This page deals with the steps required to properly configure a dual-boot of one or more newer, “bcd-native” versions of Microsoft Windows.


Dual-Booting Vista, Windows 7, Windows 8, or Windows 10 with EasyBCD

The new BCD boot system

The instructions for booting into most newer releases of Windows through EasyBCD are exactly identical. Starting with Windows Vista, the NTLDR bootloader was retired and now Windows uses the BOOTMGR bootloader instead, which stores its settings in the new BCD (Boot Configuration Data) file instead of the traditional boot.ini. This new BOOTMGR bootloader can boot directly into versions of Windows that were designed for BCD/BOOTMGR.

As of EasyBCD 2.2, EasyBCD has been verified to fully boot into and work with the following BCD-based systems: Windows 8.1, Windows 7, Windows Vista, Windows Server 2012, and Windows Server 2008. EasyBCD also supports legacy versions of Windows, with backwards compatibility options for Windows 2000 and XP.

Adding a Windows Vista/7/8 Entry

Adding a Windows Vista, Windows 7, or Windows 8 entry is a straightforward process, and can be done from any of the supported host operating systems. Assuming you already have a fully-working BCD setup (i.e. EasyBCD runs OK and doesn’t give you any errors on startup):

EasyBCD adding win7 BCD entry

EasyBCD adding win7 BCD entry

  1. Run EasyBCD, go to the “Add New Entry” screen
  2. Enter the name you’d like to associate with the entry you’re about to create in the “Name” box. For instance, “My Windows 8.1 Installation”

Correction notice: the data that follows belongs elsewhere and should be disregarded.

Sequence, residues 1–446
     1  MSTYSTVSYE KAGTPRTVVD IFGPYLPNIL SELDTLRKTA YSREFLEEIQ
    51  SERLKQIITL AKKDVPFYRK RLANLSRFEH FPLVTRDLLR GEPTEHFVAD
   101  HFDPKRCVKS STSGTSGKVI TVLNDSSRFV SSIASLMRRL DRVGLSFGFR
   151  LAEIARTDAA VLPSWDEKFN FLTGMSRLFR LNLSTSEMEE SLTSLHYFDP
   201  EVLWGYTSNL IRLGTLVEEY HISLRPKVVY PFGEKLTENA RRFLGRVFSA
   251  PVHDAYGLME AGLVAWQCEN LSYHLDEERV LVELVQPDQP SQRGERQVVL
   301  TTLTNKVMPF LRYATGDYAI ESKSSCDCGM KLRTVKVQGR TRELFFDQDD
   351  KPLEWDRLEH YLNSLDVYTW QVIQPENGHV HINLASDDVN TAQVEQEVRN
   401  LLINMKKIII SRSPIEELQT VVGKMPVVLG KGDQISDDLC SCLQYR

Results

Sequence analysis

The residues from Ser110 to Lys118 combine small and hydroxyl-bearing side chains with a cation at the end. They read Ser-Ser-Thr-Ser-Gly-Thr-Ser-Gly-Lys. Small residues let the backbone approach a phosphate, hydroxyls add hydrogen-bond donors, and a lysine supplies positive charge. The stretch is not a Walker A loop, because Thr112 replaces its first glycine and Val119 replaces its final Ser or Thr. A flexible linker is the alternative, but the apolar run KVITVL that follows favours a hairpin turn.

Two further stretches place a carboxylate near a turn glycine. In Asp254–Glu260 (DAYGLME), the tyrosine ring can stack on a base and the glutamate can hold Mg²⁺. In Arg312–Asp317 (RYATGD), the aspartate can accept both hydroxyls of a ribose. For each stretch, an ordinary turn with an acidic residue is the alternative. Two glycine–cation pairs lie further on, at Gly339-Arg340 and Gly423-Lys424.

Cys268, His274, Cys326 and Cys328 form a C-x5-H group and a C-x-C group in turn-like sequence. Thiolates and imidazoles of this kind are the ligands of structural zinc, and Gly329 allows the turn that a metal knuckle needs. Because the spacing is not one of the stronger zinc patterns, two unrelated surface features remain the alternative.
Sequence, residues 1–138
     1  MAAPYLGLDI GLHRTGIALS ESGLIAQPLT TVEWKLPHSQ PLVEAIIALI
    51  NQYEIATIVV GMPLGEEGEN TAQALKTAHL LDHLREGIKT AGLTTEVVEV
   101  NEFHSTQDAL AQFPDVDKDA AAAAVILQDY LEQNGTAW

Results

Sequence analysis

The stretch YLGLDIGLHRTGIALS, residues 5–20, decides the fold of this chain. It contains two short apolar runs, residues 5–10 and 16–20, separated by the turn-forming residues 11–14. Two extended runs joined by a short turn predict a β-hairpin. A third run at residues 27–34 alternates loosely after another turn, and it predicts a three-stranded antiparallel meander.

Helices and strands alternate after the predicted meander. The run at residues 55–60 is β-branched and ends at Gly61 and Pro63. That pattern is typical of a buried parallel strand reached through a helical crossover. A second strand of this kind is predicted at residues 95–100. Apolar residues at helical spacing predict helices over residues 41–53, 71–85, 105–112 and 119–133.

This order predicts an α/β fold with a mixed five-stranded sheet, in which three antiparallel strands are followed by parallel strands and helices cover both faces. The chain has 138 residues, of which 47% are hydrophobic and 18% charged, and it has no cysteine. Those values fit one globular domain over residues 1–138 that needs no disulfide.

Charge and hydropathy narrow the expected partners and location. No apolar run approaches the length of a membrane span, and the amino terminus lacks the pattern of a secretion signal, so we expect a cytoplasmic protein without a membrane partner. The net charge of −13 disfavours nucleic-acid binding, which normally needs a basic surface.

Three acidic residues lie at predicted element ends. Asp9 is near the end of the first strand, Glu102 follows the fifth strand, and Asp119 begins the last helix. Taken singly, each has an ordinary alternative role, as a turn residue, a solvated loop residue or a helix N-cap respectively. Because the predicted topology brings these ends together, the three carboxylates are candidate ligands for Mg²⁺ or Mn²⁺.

3. Select the letter of the drive/partition Windows is installed on from the drop-down menu (e.g. “C:”).
    It’s important to note that the Drive Letter must be the one currently visible in My Computer that points to the drive that Vista/7 is installed on. Even if the drive letters change from install to install, use the drive letters as they appear in your current boot. EasyBCD will automatically convert them to the proper drive and partition numbers that can be understood by the Windows bootloader.
  4. Press the “Add Entry” button, and wait for the notification telling you everything went OK.
  5. The operating systems list should immediately change to reflect the new changes, and you’re all set.
  6. Optional: Go to the “Change Settings” page or the “Advanced Options” and customize the options available for this entry.


If you added a Windows Vista/7/8 entry and it fails to boot, you might want to check the following before asking for support.

  1. Did you specify the correct drive letter?
    Make sure you entered the letter for the destination Windows partition as it is currently assigned in the operating system you’re running EasyBCD from. That’s usually the most common reason why Windows won’t boot when added via EasyBCD. To change the drive letter, see the instructions at Changing the Drive Letter or delete the old entry and create a new one.
  2. Do you get a “Corrupt or Missing File” message on attempting to boot the newly created partition?
    Verify that the drive letter specified points to a valid Windows Vista or newer install.